Beyond Penfold: Repeal s278 Highways Act

Almost everyone involved in planning will have a horror story about a difficulty of getting agreement with a highway authority.  Excessive costs, unrealistic bonds, terrible delays, prescriptive requirements, odd programme and access conditions will have confronted and confounded most of us.  So how about abolishing s278 of the Highways Act?

If planning permission for a development including highways works is granted then that should, automatically, allow access to the highway to carry out the works.  This would have to be subject to a national set of standard terms and conditions that would include provisions about notice, works co-ordination and supervision costs.  After all, the statutory undertakers have rights to access the highway and this would simply be an extension of those rights to those with the benefit of planning permission.  Like the utilities, the approach could be subject to a best endeavours obligation to minimise disruption, and potentially to lane rental type payments if the construction period is prolonged.  In complicated cases, a highway authority might want additional control.  They would need to persuade the planning authority that that was necessary.  If successful the requirement could then be included as a condition on the planning permission.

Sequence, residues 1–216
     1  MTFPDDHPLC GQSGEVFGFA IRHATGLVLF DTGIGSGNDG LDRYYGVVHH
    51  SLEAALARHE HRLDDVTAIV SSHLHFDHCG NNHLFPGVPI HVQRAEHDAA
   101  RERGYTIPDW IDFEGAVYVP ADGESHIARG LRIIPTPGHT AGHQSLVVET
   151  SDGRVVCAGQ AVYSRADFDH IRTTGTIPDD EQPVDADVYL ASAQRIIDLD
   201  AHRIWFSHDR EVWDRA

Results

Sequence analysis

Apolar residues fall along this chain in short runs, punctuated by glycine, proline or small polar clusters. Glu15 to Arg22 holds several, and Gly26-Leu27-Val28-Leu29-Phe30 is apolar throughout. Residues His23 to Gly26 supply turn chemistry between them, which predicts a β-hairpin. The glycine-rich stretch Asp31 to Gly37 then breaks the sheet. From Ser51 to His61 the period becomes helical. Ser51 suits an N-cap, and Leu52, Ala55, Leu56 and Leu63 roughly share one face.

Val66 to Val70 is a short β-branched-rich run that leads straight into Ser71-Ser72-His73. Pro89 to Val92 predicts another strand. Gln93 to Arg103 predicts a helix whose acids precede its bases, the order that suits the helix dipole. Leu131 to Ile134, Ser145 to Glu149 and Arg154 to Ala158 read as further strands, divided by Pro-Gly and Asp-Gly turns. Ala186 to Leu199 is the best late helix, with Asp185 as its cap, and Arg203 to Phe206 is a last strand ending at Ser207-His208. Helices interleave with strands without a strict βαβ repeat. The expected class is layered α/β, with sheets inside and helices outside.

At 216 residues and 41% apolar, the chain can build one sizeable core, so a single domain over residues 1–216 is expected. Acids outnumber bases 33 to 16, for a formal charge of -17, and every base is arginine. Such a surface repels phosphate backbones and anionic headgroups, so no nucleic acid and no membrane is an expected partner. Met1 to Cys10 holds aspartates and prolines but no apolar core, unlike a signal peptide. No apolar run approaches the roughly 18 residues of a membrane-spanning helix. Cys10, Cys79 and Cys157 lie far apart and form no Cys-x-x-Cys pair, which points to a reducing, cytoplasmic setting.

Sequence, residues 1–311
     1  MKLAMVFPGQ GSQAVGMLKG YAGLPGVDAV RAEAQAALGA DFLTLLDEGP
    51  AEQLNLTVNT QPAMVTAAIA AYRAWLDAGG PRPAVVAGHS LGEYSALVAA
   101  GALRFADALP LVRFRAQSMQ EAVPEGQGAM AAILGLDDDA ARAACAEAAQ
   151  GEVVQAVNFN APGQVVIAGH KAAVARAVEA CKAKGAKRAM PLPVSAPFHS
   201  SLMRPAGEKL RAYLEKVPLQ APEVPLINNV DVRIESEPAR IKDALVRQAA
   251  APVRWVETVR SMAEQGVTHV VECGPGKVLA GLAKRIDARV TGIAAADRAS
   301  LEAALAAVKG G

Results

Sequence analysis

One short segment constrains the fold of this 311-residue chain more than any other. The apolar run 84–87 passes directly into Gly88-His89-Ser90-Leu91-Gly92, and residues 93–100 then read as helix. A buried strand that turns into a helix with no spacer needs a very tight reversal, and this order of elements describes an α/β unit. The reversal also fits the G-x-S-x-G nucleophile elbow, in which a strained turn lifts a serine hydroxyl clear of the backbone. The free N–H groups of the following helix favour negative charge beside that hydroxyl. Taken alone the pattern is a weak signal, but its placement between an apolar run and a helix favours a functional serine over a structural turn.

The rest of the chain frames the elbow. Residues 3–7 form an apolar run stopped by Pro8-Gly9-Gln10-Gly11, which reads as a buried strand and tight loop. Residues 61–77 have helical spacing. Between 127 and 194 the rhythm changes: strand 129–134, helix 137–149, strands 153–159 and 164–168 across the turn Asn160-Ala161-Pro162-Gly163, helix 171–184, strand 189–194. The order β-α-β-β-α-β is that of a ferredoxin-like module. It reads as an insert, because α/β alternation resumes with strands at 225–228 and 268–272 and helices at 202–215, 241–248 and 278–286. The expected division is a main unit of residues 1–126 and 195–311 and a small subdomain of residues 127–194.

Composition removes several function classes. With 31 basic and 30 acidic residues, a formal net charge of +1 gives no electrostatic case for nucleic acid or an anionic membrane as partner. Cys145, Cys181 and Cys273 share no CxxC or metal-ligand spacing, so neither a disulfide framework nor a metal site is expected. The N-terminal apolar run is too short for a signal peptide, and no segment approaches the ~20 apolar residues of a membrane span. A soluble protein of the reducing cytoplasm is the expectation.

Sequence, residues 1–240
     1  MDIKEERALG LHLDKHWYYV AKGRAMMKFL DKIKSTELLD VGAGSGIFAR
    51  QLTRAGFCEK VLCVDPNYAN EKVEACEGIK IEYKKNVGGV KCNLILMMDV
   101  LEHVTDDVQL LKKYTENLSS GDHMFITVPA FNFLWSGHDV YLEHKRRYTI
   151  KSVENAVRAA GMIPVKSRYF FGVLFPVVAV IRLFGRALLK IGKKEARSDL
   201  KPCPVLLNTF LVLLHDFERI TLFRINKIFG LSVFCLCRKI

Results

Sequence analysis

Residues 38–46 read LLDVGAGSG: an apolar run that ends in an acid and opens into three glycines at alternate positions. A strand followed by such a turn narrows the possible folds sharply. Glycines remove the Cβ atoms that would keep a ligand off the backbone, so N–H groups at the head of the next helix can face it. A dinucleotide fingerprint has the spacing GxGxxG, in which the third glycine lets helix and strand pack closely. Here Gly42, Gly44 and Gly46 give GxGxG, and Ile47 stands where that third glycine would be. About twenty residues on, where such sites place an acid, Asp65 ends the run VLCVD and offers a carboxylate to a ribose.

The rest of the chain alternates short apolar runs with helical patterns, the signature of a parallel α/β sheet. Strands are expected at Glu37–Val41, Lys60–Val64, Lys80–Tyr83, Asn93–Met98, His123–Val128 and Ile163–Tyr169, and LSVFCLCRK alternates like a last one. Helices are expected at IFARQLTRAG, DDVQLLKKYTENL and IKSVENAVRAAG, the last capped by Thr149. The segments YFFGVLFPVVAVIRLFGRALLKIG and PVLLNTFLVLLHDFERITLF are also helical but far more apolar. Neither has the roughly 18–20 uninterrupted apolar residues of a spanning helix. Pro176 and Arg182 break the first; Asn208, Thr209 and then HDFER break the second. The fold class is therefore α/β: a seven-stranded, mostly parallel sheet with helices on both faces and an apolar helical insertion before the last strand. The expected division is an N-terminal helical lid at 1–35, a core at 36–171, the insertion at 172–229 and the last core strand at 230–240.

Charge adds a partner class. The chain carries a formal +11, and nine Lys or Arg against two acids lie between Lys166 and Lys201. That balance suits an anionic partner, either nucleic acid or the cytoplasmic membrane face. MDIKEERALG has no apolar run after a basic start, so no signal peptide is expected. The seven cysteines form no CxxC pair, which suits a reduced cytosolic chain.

Importantly, as part of the standard conditions debate we could settle, properly, some of the contentious (and time wasting) debates about who bears the cost of future maintenance of street furniture, bonds for the cost of protecting utility equipment and having a clear process of certification for adoption.  We could all better use the time saved to improve the proposed developments.

Stephen Ashworth

About Stephen Ashworth

Stephen advises in the field of planning, public and regulatory law. His practice concentrates on regeneration, residential, urban extensions/ garden villages and settlements, and infrastructure projects working for both the private and public sectors.

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